As we age, we commonly face Hypertension, or high blood pressure – Blood pressure is the measurement of force applied to arteries walls. If it’s too high, it can cause serious damage to the arteries and force our heart to overwork, and over time, uncontrolled high blood pressure increases the risk of heart disease, stroke and kidney disease, by damaging the blood vessels, brain, heart, lungs and kidneys.
People with family history of High Blood Pressure and diabetics are most at risk of Hypertension (60% of People with Diabetes have High Blood Pressure). People with Prehypertension, when blood pressure is consistently above normal level, are twice at risk to develop High Blood Pressure-related diseases.
What Elements raise Hypertension?
Drinking too much alcohol can increase blood pressure. No more than 2 drinks a day for men and 1 a day for women is the recommended guidelines.
There are no studies showing a link between caffeine and High Blood Pressure; However, it might have temporary effects, especially when drinking large quantities.
Exercising strengthen the heart and gentle regular exercise helps lower your blood pressure.
The main component of salt, sodium causes water retention and can raise blood pressure. The RDA is of 1.5 grams of sodium a day. 1 Tablespoon (Tbsp) of salt contains 6.9 mg of Sodium, and 1 Teaspoon (Tsp) contains 2.3 mg.
Do you understand now why Junk food and ready-made meals are the number one enemy when it comes to high blood pressure, for these produce are full of Salt (and most often sugar and bad/transFats)?
Have you ever looked at labels, composition of food at fast-food outlets?
Perhaps, it is now time.
Stress has an immediate effect on blood pressure; however, no studies reveal that it may become a long-term condition. Somewhat, it may have an indirect connection and is often related to poor eating habits, drinking or smoking, which can contribute to high blood pressure and heart disease.
Cold and flu medicines that contain decongestants, steroids, diet pills, birth control pills, and some antidepressants are part of one of several classes of medicine that can cause Hypertension. Always, seek medical advice before taking medicines and inform your practitioner about your current condition.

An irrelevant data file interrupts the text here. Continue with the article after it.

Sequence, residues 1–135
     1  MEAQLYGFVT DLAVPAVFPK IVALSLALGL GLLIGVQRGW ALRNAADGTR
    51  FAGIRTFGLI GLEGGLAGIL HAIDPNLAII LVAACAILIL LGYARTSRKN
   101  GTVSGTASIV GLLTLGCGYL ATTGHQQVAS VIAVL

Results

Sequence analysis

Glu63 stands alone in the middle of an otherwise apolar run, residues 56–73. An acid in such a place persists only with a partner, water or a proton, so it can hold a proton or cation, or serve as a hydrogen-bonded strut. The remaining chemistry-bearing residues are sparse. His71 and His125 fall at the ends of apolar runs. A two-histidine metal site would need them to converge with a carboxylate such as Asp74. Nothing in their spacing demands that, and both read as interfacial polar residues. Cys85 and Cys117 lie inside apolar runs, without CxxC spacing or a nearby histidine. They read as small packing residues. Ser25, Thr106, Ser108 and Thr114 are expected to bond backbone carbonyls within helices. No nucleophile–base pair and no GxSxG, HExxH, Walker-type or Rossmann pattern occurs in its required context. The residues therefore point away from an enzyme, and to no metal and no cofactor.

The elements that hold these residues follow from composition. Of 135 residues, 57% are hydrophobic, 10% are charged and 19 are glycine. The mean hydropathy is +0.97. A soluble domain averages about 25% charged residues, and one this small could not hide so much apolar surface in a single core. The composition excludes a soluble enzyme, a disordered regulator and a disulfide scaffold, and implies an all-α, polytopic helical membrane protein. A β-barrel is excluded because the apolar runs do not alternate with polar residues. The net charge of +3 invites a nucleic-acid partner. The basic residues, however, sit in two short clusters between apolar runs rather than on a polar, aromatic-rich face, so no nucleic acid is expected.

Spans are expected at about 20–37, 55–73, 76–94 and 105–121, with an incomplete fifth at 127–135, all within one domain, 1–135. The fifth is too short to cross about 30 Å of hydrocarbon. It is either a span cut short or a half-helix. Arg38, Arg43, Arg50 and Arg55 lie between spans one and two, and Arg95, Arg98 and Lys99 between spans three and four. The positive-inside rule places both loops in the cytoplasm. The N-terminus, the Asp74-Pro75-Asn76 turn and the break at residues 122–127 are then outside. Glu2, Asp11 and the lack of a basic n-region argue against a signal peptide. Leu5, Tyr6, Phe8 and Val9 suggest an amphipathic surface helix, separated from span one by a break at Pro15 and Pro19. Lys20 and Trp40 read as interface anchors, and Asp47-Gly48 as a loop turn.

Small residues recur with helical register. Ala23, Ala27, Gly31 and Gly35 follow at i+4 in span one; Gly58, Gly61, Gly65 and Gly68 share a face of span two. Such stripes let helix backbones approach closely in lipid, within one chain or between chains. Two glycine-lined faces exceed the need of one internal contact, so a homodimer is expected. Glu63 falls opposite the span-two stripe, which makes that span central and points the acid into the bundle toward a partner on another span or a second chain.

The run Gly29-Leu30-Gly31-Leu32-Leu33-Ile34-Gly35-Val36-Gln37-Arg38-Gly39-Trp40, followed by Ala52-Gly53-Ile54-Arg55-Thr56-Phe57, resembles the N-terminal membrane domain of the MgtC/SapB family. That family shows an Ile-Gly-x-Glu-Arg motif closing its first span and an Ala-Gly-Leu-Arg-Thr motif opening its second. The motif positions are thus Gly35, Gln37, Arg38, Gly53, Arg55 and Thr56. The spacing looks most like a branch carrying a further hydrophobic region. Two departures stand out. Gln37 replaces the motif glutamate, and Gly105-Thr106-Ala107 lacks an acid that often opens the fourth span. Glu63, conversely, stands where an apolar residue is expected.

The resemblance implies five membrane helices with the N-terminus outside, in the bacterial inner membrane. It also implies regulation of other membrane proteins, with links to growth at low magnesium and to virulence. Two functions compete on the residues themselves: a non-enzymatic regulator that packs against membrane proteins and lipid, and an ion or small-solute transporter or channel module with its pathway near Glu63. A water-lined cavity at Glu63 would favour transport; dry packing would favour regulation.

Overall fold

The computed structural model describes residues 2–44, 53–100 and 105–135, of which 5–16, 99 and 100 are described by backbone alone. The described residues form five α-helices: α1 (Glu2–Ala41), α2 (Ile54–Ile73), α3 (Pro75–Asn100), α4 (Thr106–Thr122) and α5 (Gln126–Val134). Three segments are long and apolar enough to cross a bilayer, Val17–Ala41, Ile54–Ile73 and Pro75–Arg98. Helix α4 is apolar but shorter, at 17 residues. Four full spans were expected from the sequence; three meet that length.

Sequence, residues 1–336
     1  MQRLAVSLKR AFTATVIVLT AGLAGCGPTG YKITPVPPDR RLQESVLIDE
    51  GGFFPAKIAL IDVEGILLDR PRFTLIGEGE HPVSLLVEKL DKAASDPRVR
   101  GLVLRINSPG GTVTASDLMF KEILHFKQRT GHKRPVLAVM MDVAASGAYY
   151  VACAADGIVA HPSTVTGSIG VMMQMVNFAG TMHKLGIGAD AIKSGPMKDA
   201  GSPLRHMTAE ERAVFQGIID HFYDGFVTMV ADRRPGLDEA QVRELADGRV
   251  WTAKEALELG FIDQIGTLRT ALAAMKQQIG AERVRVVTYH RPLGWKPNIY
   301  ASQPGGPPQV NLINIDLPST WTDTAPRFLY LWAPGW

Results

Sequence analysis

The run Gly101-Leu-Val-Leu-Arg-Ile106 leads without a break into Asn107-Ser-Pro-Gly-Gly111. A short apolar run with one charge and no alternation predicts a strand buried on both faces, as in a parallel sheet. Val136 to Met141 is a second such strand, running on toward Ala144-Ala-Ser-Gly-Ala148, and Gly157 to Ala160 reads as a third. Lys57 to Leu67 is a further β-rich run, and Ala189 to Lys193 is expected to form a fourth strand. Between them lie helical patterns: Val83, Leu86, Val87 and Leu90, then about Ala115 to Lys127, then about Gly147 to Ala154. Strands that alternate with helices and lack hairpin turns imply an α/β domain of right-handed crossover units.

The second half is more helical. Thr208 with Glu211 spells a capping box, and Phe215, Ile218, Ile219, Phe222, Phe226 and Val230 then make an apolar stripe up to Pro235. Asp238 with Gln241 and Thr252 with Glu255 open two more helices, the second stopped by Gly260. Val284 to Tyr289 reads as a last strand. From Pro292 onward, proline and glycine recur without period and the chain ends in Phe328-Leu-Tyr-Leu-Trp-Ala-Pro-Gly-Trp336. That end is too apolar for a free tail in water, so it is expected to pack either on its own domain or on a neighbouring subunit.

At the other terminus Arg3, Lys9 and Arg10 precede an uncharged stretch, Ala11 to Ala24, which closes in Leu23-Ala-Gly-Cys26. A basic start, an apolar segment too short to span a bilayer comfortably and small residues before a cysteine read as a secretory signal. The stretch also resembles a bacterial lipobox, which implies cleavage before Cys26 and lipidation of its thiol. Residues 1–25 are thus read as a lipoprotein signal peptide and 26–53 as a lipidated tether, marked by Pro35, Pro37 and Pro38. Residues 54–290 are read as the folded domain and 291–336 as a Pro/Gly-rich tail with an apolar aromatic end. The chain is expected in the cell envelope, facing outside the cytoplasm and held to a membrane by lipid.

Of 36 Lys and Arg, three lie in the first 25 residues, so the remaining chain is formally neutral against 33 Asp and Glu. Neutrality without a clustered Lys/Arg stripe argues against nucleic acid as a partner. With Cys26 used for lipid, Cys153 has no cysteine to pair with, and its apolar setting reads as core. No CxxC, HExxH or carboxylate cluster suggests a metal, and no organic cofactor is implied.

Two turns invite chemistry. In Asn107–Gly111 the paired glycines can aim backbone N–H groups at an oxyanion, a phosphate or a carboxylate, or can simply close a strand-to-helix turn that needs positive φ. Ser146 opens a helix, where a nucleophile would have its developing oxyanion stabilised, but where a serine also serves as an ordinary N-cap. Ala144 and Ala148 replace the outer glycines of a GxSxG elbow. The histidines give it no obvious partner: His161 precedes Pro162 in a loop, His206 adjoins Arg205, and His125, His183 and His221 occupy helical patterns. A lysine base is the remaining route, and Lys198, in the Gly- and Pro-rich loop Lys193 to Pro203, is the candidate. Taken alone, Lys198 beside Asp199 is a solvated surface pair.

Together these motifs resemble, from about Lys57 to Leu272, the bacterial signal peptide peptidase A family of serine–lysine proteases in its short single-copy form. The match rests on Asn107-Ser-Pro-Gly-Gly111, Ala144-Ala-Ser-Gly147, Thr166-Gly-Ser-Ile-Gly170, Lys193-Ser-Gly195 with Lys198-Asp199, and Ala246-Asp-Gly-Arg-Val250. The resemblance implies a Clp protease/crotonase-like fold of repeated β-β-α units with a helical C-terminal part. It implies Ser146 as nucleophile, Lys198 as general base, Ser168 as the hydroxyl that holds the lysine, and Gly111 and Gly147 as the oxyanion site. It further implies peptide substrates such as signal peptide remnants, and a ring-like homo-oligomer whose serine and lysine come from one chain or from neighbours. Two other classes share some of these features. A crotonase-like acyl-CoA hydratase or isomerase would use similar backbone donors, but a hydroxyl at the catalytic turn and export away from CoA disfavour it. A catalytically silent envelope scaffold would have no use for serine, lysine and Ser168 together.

Loosing even a little weight through dieting or by changing eating habits can make a difference by reducing the strain on heart, and decrease the risk of high blood pressure. Children who are overweight can also have High Blood Pressure.
During the second half of pregnancy, Gestational hypertension, a kind of high blood pressure manifests itself and if untreated, may lead to Preeclampsia (limiting the supply of blood and oxygen to the baby and affecting the mother’s kidneys and brain); however, after birth the mother’s blood pressure returns to normal.
First and foremost, eating habits must improve and switching to a healthy diet and lifestyle (Exercising, Muscle-strengthening activities, Yoga, meditation, relaxation…) is primordial.
Focusing on Nutrient-dense foods from a wide array of colour (think rainbow), such as Raw Vegetables and Fruits daily (they should make 50–75% of your plate), greens, wholegrain foods and beans must be part of your main meal, and cutting down on red meats (opt for grass-fed and Organic, or Demeter certified), salt, products rich in fats (especially, hydrogenated and trans fats…) and ready-made meals and highly processed foods.
All of the above can significantly decrease the risk of heart disease, reduce your blood pressure and protect your body from further damages.
Drinking diuretics like spring water (with diuretics properties), tea and coffee, can help the body evacuate excess sodium; however, this is not an excuse to add more salt to your food.
Frequent urinating depletes other vital minerals and vitamins.
American Heart Association.
American Heart Association: “Stroke.”
U.S. Department of Health and Human Services: “Your Guide to Lowering Blood Pressure.”
FDA: “Medications for High Blood Pressure.”
National Heart, Lung, and Blood Institute.
Registered Naturopath, Nutritional Therapist, Iridologist, Lecturer, NLP practitioner and Personal Performance Coach.